Integrated and unobtrusive handle for deformable hand-held bottles and containers
Kind Code:
This application describes a handle of simple concept, destined for use with deformable hand-held containers, particularly large soft-drink bottles, that does not change in any significant way the appearance of the container, that is easily integrated in the existing fabrication processes of the end product, and that does not interfere with the distribution or the customary end-use of the product. Said handle consists of a flexible strap, semi-permanently fastened at its ends to the exterior of the container in a lengthwise position. The handle is thin and resilient, such that its application requires minimal change in the existing production methods, and it is unobtrusive, so that its presence does not modify existing packaging methods of the products and does not require the end-user to modify his or her habitual method of using the product.

Cauchy, Nicolas (Ft Lauderdale, FL, US)
Application Number:
Publication Date:
Filing Date:
Primary Class:
Other Classes:
215/396, 220/752, 294/31.2
International Classes:
B65D23/00; B65D23/08; B65D23/10; (IPC1-7): B65D23/10
View Patent Images:
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Attorney, Agent or Firm:
Nicolas, Cauchy (401 SAN MARCO DR., FORT LAUDERDALE, FL, 33301, US)

I claim:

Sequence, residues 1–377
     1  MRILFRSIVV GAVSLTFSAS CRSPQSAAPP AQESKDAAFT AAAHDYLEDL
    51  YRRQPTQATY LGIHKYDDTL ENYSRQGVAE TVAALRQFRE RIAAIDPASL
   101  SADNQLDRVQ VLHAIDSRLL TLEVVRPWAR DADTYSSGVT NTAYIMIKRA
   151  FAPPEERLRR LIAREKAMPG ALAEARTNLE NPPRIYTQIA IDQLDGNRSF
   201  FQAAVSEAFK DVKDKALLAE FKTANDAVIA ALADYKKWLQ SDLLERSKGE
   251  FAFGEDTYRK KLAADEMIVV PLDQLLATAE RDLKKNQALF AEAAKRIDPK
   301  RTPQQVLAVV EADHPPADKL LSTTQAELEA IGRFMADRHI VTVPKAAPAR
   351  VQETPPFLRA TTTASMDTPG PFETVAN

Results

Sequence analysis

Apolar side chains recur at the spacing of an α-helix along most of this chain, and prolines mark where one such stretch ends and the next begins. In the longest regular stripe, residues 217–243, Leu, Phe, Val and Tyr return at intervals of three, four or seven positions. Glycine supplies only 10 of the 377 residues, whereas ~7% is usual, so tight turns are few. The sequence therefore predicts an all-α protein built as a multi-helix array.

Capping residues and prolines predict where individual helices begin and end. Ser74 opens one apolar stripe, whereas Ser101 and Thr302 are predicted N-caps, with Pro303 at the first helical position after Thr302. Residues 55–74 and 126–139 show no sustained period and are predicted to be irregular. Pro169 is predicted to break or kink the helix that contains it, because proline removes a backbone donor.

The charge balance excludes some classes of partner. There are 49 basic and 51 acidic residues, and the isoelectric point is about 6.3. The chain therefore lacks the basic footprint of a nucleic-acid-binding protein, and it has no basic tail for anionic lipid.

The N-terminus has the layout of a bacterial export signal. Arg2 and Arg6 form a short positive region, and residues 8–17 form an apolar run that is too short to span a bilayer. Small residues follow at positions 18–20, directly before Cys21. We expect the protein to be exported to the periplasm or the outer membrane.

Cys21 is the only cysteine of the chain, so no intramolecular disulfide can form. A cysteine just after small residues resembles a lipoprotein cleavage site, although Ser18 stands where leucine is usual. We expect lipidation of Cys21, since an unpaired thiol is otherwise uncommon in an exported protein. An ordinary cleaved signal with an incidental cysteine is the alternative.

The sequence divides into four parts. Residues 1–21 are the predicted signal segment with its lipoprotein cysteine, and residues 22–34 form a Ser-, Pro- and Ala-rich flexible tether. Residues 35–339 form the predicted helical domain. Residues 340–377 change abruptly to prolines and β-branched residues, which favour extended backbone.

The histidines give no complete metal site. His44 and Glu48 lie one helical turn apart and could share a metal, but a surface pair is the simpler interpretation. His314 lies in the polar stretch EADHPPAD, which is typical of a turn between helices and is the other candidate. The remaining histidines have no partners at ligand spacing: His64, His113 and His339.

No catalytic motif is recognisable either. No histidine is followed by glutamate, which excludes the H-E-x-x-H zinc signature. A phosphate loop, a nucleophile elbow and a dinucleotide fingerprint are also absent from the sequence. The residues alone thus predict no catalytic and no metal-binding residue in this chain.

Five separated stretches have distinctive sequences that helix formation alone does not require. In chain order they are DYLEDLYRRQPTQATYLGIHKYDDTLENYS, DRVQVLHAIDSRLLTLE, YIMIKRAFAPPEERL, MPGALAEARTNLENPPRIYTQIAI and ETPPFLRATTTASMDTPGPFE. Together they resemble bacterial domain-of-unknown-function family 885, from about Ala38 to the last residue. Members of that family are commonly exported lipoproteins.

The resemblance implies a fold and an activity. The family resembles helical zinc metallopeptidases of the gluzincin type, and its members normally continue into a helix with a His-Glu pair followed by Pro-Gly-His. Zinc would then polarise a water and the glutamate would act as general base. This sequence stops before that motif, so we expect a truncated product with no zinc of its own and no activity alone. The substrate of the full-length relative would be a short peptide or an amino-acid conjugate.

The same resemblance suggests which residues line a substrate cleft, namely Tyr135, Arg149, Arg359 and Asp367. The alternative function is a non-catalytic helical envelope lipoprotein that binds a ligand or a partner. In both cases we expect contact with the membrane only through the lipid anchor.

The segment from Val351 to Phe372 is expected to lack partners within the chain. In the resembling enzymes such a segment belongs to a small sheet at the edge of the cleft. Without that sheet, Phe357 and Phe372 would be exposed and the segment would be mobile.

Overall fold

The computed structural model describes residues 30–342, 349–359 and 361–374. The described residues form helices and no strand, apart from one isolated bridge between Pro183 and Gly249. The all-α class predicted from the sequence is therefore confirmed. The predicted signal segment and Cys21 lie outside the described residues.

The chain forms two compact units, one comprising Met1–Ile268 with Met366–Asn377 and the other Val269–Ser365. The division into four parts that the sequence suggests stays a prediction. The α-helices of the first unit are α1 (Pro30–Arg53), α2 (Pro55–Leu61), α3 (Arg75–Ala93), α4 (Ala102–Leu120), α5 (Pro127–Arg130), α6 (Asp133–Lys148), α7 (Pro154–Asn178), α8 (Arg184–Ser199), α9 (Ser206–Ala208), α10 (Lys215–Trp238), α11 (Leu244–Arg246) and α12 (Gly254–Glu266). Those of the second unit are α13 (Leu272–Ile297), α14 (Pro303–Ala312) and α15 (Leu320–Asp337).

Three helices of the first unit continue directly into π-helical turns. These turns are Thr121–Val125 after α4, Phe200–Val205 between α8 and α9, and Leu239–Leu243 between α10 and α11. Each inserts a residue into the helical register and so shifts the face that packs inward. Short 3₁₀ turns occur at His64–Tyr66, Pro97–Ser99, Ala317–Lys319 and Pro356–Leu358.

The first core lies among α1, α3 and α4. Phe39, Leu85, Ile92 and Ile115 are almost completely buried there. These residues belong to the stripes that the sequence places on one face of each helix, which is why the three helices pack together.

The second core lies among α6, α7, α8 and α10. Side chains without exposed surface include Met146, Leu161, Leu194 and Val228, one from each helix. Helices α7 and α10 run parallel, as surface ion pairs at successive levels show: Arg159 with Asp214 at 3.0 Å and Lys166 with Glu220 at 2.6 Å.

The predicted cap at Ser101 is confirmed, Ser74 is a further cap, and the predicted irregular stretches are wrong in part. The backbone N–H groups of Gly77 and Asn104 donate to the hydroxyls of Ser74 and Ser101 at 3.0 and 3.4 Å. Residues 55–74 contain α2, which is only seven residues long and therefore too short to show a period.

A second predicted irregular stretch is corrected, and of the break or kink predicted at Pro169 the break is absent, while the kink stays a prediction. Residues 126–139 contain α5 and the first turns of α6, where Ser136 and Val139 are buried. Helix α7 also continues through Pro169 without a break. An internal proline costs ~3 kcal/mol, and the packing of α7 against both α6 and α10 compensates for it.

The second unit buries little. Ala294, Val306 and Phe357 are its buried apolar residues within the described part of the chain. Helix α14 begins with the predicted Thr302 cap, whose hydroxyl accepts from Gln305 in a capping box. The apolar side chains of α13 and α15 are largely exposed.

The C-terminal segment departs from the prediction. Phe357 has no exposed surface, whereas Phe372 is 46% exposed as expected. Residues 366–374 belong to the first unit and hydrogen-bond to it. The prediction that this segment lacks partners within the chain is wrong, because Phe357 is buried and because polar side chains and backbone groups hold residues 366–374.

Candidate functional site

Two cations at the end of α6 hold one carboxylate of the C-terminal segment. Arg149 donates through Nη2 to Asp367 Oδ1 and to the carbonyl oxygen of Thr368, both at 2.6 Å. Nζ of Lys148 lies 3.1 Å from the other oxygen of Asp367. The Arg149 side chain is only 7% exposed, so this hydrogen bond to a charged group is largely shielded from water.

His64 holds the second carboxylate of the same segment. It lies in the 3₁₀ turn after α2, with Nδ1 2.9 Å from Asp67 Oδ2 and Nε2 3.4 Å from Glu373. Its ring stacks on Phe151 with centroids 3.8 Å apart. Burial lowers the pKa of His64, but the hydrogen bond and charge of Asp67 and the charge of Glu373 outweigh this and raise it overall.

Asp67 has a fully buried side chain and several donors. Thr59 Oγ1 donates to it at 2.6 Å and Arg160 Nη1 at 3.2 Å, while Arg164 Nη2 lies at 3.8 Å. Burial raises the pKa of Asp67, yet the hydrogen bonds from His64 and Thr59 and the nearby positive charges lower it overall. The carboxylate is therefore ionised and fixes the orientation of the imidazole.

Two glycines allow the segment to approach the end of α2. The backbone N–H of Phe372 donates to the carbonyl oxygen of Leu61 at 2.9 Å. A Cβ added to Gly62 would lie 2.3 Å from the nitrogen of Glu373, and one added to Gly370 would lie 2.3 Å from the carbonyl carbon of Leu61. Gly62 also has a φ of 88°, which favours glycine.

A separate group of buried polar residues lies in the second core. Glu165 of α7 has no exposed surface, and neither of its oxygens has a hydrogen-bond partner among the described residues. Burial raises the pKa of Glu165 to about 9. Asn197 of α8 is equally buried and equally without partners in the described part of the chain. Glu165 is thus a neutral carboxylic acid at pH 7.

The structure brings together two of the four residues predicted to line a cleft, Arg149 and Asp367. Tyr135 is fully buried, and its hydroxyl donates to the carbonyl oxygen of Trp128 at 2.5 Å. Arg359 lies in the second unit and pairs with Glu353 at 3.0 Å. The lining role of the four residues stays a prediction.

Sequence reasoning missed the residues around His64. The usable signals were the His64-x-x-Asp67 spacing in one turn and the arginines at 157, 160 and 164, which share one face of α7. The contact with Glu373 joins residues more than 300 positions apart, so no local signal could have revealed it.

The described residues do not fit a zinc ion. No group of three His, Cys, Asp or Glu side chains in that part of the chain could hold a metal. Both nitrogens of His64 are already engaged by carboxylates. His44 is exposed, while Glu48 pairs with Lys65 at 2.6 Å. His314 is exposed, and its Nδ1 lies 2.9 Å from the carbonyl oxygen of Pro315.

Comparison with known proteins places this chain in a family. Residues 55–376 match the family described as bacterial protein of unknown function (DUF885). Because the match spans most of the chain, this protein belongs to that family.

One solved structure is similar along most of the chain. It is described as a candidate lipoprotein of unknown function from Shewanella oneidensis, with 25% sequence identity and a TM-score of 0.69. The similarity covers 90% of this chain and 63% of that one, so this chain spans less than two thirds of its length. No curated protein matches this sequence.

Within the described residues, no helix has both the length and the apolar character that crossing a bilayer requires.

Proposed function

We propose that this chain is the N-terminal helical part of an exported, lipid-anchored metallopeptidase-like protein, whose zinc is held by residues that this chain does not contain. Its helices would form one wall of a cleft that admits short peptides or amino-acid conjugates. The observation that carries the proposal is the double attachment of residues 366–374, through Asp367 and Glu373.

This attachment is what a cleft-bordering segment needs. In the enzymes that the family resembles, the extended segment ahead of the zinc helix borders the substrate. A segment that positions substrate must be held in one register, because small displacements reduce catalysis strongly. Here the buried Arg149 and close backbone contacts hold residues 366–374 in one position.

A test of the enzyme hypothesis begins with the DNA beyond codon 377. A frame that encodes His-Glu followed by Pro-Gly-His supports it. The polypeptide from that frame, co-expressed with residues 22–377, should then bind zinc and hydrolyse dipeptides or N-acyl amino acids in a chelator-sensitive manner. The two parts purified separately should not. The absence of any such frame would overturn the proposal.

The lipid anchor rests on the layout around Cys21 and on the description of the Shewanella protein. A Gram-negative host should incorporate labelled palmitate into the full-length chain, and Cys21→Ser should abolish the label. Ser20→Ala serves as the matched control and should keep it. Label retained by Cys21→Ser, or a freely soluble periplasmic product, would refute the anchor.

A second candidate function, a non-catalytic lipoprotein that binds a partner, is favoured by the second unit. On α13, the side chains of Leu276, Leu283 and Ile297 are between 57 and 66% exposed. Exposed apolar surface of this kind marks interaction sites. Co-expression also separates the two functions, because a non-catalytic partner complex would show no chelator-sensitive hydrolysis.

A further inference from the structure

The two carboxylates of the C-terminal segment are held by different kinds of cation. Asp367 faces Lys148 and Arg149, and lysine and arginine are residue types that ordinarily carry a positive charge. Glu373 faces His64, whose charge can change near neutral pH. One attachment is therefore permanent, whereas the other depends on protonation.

1. An integrated handle for handling deformable hand-held bottles or containers, which comprises A strap that is positioned lengthwise along the exterior of the container, long enough to snuggly slip an adult hand between itself and the body of the bottle or container, that is held flush with the body of the container until it is expanded by the user, of width sufficient to support the weight of the filled container without causing discomfort to the user's hand, with the main characteristics that it is flexible, resilient, and resistant enough to satisfy all requirements of its function, that it can be integrated without undue cumbrance in the existing production lines of such containers to which it is destined, that it does not interfere with the existing storage and distribution systems of such containers, that it has a lifetime matching or exceeding that of the container to which it is destined, that it is easily absorbed in the existing waste-stream of said containers, and that it is useable as described in this document, and means of semi-permanently affixing both extremities of said strap to the bottle, and means of temporarily retaining said strap flush against the body of the bottle so as not to interfere with existing means of packaging, shipping, and distribution of the end-product, and means of incorporating said strap into the wrapper or label of the bottle, as an alternative. a) A handle as claimed in claim 1, wherein said strap is made of flexible and resilient material, strong enough to withstand the weight of the full bottle or container when affixed at both ends, said strap that may or may not be adjustable or elastic but that is of length sufficient to allow the insertion of the fingers of an adult hand between itself and the body of the bottle or container, of width such that the effort of supporting the weight of the container and its contents will not cause undue discomfort to the user's hand or fingers, and with its extremities fastened in semi-permanent fashion to the body of the container. b) A handle as in claim 1 above, or claim 2 hereunder, wherein said means of fastening semi-permanently the load-bearing extremities of the handle to the bottle may include spot-welding, the use of adhesives, the application of transversal retainers, shrink-wrap, elastic or semi-elastic materials working in friction or otherwise, said retainers which may or may not themselves be an extension of the strap and may or may not complete the circumference of the bottle, or any other suitable means that is easily integrated within the existing fabrication or labeling process of the container and its product, and that will withstand the effort of supporting the container and its contents. c) A handle as in claim 1, in which said means for temporarily retaining the strap flush against the bottle may include spot-welding, the use of adhesives, elastic or semi-elastic materials, or any other suitable means to position it such that its presence is negligible until it reaches the end-user, thus requiring no changes in the existing packaging and transportation processes of the product, but said temporary binding being weak enough so that it can be easily released by the end-user. d) A handle as in claim 1 which may be incorporated as part of the wrapper or label of the bottle and which, in such case, may be of material identical to that of the wrapper, but not necessarily so. e) A handle as in claim 1 that is unobtrusive to existing packaging, shipping, and distribution processes of the containers and contents to which it is destined. f) A handle as in claim 1 that can be relatively easily and inexpensively integrated in the existing fabrication and labeling processes of soft-drink bottles. g) A handle as in claim 1 the use of which is optional to the end-user, such that its presence does not impose any change in the end-users' habitual fashion of using the bottle or container. h) A handle as claimed in claim 1, which may or may not include printed material, whether instructions for use, disclaimers, advertising, or otherwise. i) A handle as claimed in claim 1 that is of a material that is easily absorbed in the standard waste stream along with the bottle or container upon which it is mounted. j) A handle as claimed in claim 1 the use of which is not limited to soft-drink bottles, but which may be adapted for use on other hand-held, deformable containers.